The completeness of Christ's work upon the cross is questioned today. There are many people in the church, who believe that faith in Jesus is a start, but isn’t quite enough. In order to be a complete Christian, these people suggest that you need to have some type of extra experience. You need to do certain things. You need to go through certain religious ceremonies. You need to read certain books. You need to listen to certain teachers. To this, Paul says, "in Him you have been made complete" (Col. 2:10). In other words, there is nothing that you need to add to your salvation.

In recent days, I have been criticized for emphasizing the benefits of reading through the entire Bible. If my words have been interpreted in such a way that you have thought that you need to read through the Bible every year in order to be a complete Christian, then I apologize to you. It is wrong to think such things, for in Him you have been made complete. There is nothing that you need to add to your salvation. We are saved, "By grace alone, through faith alone, in Christ alone, plus nothing." This is also true for Family Worship. It is wrong to think that in order to be godly, I must practice Family Worship in my home. As a pastor, I desire to encourage you to do certain things in order to help you grow spiritually. But these things are not necessary for godliness. Christ alone makes you complete.

There are those today who love the symbolism of religion. They love the advent candles. They love Seder meals and feasts of the Jewish calendar. They love the religious festivals. They love their church liturgy. There is nothing wrong with these things, but how easy they can become the focus, rather than one to whom they all point! Paul writes, "no one is to act as your judge in regard to food or drink or in respect to a festival or a new moon or a Sabbath day -- things which are a mere shadow of what is to come; but the substance belongs to Christ" (Col. 2:16-17).

There are those who are very mystic in their faith. They seek experiences. They seek visions. They are quick to pronounce to others that God spoke to them. To these people, Paul speaks, "Let no one keep defrauding you of your prize by delighting in self-abasement and the worship of the angels, taking his stand on visions he has seen, inflated without cause by his fleshly mind, and not holding fast to the head" (Col. 2:18-19).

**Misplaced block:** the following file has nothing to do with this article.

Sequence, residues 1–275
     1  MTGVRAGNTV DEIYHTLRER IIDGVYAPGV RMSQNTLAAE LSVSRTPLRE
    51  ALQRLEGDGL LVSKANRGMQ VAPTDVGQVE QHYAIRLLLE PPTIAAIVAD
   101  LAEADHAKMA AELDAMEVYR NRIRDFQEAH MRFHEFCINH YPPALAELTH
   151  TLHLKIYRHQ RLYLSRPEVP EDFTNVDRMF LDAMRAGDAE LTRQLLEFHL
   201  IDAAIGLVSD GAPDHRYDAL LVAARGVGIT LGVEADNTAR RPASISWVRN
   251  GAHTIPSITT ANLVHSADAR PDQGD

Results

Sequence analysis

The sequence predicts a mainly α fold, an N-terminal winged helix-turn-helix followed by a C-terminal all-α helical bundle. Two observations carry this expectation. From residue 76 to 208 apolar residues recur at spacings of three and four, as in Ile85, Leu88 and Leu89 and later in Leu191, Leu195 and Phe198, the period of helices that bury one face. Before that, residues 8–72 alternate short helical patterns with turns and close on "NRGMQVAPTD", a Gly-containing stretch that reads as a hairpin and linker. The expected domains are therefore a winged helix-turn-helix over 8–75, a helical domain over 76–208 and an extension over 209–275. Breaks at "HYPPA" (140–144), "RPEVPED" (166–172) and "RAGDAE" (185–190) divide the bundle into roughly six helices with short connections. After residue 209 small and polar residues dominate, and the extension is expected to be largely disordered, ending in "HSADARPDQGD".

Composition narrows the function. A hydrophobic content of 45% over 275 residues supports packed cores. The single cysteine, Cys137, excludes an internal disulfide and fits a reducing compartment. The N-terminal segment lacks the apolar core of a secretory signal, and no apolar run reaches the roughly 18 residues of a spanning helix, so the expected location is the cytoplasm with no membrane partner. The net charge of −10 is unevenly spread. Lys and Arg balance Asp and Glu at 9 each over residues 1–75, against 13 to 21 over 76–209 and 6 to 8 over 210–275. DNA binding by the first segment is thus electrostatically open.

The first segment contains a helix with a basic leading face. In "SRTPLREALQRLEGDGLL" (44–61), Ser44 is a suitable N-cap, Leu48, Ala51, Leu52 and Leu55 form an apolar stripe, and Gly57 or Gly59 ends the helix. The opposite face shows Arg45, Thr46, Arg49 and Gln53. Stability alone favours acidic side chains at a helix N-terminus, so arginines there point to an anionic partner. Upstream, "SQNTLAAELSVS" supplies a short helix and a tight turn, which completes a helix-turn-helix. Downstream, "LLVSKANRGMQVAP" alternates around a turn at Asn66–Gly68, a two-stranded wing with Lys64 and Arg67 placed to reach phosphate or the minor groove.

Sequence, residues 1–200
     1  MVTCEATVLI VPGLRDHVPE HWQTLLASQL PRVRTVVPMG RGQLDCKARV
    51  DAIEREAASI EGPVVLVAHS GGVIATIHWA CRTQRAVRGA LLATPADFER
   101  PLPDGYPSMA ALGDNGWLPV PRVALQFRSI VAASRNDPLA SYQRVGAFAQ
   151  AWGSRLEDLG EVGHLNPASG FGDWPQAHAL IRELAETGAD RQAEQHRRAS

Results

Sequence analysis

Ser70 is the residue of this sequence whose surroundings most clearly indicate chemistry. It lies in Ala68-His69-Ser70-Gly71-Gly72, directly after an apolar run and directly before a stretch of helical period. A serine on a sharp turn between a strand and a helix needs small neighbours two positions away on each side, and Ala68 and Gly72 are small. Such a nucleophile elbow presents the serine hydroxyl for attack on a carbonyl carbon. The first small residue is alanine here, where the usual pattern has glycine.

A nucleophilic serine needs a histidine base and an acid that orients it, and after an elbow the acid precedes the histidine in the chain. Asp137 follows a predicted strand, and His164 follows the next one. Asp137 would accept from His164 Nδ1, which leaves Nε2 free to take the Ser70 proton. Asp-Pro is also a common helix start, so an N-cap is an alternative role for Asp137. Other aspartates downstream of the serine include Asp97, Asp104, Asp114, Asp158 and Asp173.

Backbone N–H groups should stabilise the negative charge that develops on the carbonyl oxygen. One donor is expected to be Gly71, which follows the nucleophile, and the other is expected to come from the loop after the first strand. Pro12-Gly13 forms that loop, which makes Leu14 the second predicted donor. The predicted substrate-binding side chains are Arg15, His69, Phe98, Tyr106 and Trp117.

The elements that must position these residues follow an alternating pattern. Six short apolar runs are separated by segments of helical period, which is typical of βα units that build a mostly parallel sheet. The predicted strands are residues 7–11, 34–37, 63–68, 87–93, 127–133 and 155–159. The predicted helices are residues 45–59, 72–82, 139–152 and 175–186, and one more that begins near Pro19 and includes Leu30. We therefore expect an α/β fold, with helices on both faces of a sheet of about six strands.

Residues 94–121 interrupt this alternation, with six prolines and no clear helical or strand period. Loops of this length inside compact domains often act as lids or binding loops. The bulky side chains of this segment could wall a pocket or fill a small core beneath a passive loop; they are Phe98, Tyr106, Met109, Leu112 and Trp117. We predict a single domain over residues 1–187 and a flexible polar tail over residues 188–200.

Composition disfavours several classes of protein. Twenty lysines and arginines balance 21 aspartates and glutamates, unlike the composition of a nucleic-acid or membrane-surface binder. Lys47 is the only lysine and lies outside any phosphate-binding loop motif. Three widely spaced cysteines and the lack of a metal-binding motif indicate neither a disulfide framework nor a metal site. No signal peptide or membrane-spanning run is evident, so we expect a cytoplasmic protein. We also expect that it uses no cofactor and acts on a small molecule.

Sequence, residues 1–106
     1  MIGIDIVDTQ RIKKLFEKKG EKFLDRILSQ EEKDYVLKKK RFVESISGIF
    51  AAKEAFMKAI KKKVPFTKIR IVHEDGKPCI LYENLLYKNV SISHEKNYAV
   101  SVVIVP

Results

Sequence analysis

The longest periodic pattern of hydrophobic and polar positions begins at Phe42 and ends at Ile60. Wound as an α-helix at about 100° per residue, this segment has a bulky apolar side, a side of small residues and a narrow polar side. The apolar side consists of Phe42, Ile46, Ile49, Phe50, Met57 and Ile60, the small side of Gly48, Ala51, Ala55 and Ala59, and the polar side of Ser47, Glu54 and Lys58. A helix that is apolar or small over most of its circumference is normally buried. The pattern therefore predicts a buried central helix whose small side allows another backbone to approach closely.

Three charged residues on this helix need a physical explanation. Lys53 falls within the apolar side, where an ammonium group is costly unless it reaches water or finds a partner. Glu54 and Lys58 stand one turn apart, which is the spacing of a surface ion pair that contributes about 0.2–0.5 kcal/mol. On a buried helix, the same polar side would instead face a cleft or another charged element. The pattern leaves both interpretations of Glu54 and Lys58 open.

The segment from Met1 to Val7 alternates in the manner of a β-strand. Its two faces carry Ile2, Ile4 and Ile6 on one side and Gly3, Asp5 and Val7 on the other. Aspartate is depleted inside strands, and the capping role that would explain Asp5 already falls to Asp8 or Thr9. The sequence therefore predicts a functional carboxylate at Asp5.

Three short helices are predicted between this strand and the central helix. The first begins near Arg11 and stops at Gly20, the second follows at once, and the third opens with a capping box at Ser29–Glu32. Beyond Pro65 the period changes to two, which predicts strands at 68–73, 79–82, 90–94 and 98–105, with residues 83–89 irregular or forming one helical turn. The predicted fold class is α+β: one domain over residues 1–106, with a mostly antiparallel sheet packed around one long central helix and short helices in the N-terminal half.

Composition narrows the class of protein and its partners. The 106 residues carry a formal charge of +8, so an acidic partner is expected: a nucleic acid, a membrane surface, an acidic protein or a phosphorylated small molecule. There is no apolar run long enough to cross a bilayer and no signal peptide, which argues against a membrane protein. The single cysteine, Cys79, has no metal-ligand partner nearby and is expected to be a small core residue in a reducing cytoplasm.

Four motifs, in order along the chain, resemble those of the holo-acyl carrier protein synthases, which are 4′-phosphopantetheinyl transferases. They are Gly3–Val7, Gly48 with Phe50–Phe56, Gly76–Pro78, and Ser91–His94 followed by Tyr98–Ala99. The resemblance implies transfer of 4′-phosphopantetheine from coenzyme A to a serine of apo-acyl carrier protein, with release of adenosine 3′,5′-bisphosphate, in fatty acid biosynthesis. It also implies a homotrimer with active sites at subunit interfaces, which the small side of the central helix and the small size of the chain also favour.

There are those who believe that you need to abstain from certain things if you want to be a "good Christian." They have rules like: Don’t go to movies. Don’t go to bars. Don’t drink alcohol. Don’t touch cigarettes. Don’t send your children to public schools. To these types of things, Paul writes, "These are matters which have, to be sure, the appearance of wisdom ... but are of no value against fleshly indulgence" (Col. 2:23). These are legalistic standards that can easily come into our churches.

I was speaking recently with another pastor friend of mine who was pastoring a church that had taught for years all the things that we as Christians need to stay away from. And now, he is trying to deal with the effects of such teaching. What makes these things so difficult is that they have an appearance of wisdom (2:23). They seem reasonable. They seem to help us in our fight against sin by giving us clear rules to follow. But Paul says that they are "of no value against fleshly indulgence." (2:23)

The book of Colossians will help us to deal with all of these beliefs. And I trust that you see the solution to each of these tendencies. In every case, Paul brings us back to Jesus Christ. He is fully God. In Him we are complete. He is the substance of our faith. He is head of the body, to which we need to cling. He is the path to overcoming fleshly indulgence.

Reason #3 - To give us principles for living.
At the end of the day, isn’t this what we want? We want our lives to be changed by the power of God. That's why everything I mentioned in my previous point gets a hold so quickly in our lives. We want tangible things to do. We want to know how to live.

Colossians is a very practical book. It’s not all simply theological. It comes to a practical conclusion. In fact, all of chapter 3 is entirely devoted to application. To be sure, the application is all founded upon the theology which Paul presents. Without the theology, any application is mere moralism. But, Paul’s applications in this book flow from his theological foundation that he laid in the first two chapters. I think that you can make the case pretty well that all of the applications in Colossians all have direct reference back to the person of Christ. Paul tells us what ought to occupy our thoughts. "Keep seeking the things above, where Christ is, seated at the right hand of God" (Col. 3:1). Paul tells us what to put aside: "anger, wrath, malice, slander and abusive speech" (Col. 3:9). Paul tells us what to put on: "as those who have been chosen of God, holy and beloved, put on a heart of compassion, kindness, humility, gentleness and patience" (Col. 3:12). Paul will instruct wives and husbands and children and fathers and servants and masters in how they ought to live (Col. 3:18-4:1).